The foreign key vehicle_id in the initial table “employees” contains a zero value for the data record for the employee Marshall Smith. Therefore, no corresponding primary key can be found in the “vehicle” table. The selection condition is not fulfilled here either. However, since the data record originates from the left output table, it’s still included in the result table for a LEFT JOIN. Missing values in the result table tuple are set to NULL.

SQL RIGHT OUTER JOIN

The RIGHT OUTER JOIN follows the same principle as the LEFT OUTER JOIN, but the dominant table here is not the left but the right.

The result set of a RIGHT OUTER JOIN includes all tuples of the table on the right side of the JOIN operator, and the tuples of the left table that fulfill the JOIN condition. The following symbol is used as an operator: .

We’ll start again from the output tables “employees” and “cars” and define the same selection condition for the RIGHT JOIN, like the example for the LEFT JOIN.

Relational Algebra:

employee ⟖ vehicle_id=vehicle_idvehicle

SQL-Statement:

SELECT * FROM employee RIGHT JOIN vehicle ON employee.vehicle_id = vehicle.vehicle_id; 

The result table for the RIGHT JOIN differs significantly from the LEFT JOIN.

Table: RIGHT OUTER JOIN via the “employee” and “vehicle” tables.

e_id surname firstname employee.vehicle_id vehicle.vehicle_id make model registration year State inspection
1 Schmidt Jack 3 3 BMW X6 B MW 780 2017 09.01.2018
2 Muller Blain 1 1 VW Caddy B KH 778 2016 12.18.2018
3 McClain Walker 1 1 VW Caddy B KH 778 2016 12.18.2018
4 Cohn Greg 2 2 Opel Astra B PO 654 2010 08.12.2019
NULL NULL NULL 4 4 Porsche Boxster B AA 123 2018 12.23.2020

The data record for employee Marshall Smith is not contained in the results table. The reason for this: the vehicle_id of the data set corresponds to the value NULL and therefore cannot be assigned to a data set on the right hand side of the table.

As a result of the RIGHT JOIN we get all data records from the “vehicle” table – as well as the data record with the vehicle_id 4, which had no employee “tuple” assigned to it.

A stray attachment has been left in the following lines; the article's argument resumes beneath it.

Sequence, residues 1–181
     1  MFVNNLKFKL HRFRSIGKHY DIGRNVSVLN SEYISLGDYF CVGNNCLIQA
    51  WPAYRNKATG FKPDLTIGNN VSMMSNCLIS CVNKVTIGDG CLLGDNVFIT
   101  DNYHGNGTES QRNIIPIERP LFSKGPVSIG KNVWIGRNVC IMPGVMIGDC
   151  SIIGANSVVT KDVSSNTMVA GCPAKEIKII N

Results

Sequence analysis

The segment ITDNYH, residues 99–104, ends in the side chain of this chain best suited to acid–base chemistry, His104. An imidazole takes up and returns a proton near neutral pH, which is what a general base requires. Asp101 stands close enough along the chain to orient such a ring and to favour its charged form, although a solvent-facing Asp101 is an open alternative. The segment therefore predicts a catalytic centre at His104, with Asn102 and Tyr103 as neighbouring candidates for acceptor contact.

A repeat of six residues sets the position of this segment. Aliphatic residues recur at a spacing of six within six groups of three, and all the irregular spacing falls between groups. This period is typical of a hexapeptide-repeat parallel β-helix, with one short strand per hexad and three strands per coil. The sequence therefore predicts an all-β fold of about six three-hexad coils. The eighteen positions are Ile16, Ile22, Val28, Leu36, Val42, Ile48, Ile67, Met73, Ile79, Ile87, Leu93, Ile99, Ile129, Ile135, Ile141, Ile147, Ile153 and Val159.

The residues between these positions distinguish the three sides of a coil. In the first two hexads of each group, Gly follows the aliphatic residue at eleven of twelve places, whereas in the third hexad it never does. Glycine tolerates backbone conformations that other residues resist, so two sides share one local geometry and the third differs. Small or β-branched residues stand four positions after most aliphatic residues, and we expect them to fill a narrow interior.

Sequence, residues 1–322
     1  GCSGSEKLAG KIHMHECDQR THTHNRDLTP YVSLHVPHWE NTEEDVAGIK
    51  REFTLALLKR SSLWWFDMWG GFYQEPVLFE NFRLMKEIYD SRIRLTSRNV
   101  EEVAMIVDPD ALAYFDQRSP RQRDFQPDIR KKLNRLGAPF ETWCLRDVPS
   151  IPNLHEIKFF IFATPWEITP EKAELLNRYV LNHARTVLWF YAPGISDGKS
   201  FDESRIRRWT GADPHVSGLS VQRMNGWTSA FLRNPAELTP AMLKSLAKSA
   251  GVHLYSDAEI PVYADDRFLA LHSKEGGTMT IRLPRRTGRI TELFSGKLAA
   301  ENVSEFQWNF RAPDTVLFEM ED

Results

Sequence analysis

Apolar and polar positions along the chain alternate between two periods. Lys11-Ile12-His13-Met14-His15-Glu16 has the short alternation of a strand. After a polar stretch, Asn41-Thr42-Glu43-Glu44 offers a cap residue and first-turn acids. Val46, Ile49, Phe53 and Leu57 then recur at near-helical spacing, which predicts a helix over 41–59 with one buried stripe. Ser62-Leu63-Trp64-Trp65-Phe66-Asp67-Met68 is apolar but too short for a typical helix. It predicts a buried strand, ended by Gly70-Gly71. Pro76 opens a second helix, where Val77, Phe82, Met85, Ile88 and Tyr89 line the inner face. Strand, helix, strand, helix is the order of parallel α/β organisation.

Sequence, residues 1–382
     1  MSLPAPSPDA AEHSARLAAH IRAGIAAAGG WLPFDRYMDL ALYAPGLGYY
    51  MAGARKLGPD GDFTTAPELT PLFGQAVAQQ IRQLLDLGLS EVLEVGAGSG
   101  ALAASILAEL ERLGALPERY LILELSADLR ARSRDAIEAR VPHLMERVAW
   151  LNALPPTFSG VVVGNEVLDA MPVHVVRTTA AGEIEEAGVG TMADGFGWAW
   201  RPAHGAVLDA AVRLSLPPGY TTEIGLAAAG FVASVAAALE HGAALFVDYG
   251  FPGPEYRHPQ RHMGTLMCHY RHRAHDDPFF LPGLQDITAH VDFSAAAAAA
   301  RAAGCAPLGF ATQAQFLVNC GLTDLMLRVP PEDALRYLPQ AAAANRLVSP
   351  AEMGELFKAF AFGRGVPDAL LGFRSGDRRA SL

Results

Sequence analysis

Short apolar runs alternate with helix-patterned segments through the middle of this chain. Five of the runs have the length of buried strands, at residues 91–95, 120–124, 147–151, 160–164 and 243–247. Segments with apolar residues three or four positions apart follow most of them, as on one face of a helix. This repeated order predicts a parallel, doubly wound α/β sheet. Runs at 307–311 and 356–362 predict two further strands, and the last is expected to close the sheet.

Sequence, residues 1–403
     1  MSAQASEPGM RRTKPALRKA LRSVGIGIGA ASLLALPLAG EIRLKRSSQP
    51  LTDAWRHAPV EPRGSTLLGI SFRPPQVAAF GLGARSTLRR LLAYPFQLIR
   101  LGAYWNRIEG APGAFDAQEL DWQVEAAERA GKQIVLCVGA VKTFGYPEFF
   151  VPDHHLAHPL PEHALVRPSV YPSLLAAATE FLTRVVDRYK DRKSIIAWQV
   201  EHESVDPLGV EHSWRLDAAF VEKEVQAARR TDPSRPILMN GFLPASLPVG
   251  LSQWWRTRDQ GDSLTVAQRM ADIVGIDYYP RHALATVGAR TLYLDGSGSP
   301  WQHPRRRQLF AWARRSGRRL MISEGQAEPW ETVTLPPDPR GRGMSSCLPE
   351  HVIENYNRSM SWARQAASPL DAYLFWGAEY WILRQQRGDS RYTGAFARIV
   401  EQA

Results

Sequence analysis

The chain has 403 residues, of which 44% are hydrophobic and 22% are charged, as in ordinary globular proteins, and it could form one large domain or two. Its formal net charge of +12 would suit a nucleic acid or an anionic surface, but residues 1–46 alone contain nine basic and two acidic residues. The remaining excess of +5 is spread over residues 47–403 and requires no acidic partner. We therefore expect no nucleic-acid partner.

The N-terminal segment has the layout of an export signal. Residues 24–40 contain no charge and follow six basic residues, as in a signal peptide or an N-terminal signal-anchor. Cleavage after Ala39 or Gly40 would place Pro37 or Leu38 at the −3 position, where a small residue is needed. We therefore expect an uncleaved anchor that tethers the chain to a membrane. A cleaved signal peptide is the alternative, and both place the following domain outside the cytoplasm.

SQL FULL OUTER JOIN

A FULL OUTER JOIN is a combination of LEFT OUTER JOIN and RIGHT OUTER JOIN. For the operating process, the relational algebra defines the following operator is: .

We’ll also illustrate the FULL JOIN in the output tables “employees” and “vehicles” and assume the same selection conditions as before.

Relational Algebra:

Employee ⟗ vehicle_id=vehicle_idvehicle

SQL Statement:

SELECT * FROM employee FULL JOIN vehicle ON employee.vehicle_id = vehicle.vehicle_id;

The result corresponds to the following table:

Table: FULL OUTER JOIN for the tables “employees” and “vehicles”.

e_id surname firstname employee.vehicle_id vehicle.vehicle_id make model Registration Year State inspection
1 Schmidt Jack 3 3 BMW X6 B MW 780 2017 09.01.2018
2 Muller Blain 1 1 VW Caddy B KH 778 2016 12.18.2018
3 McClain Walker 1 1 VW Caddy B KH 778 2016 12.18.2018
4 Cohn Greg 2 2 Opel Astra B PO 654 2010 08.12.2019
5 Marshall Smith NULL NULL NULL NULL NULL NULL NULL
NULL NULL NULL 4 4 Porsche Boxster B AA 123 2018 12.23.2020

The FULL JOIN connects the output table’s data records according to selection conditions. It doesn’t just list the linked data records in the result table, but also links the data records of both tables that do not fulfill the selection condition.

Missing values are also set to NULL for FULL JOIN.

Note

FULL OUTER JOINs are of little importance in practice and are not supported by market-leading database management systems like MySQL and MariaDB.

NATURAL OUTER JOIN

Like INNER JOINs, OUTER JOINs can also be implemented as NATURAL JOINs. The corresponding operators are:

LEFT/RIGHT JOIN … USING

Or:

NATURAL LEFT/RIGHT JOIN

NATURAL OUTER JOINs connect tables using columns with the same names. Which columns are selected can be explicitly defined using the USING keyword:

SELECT * FROM employee LEFT JOIN vehicle USING (vehicle_id);

Alternatively, you can use a short notation whereby the DBMS automatically searches for columns with the same names and connects the listed tables through them:

SELECT * FROM employee NATURAL LEFT JOIN sections;

With reference to the example tables listed above, both SQL statements lead to the same result.

e_id nachname surname vehicle_id Make Model Registration Year State inspection
1 Schmidt Jack 3 BMW X6 B MW 780 2017 09.01.2018
2 Muller Blain 1 VW Caddy B KH 778 2016 12.18.2018
3 McClain Walker 1 VW Caddy B KH 778 2016 12.18.2018
4 Cohn Greg 2 Opel Astra B PO 654 2010 08.12.2019
5 Smith Marshall NULL NULL NULL NULL NULL NULL

In NATURAL LEFT JOIN, the columns employee.vehicle_id and vehicle.vehicle_id are merged into the common column vehicle_id.

OUTER JOINs in practice

OUTER JOINS usually lead to table groups with zero values. This is useful, for example, if you want to highlight them. In our example, the Porsche Boxster has not yet been assigned to an employee. This is not shown in the “vehicle” table. And the “employees” table merely shows that Marshall Smith has not yet used a company car. After a FULL JOIN over both tables, it is easy to see that Marshall could drive the Porsche in the future.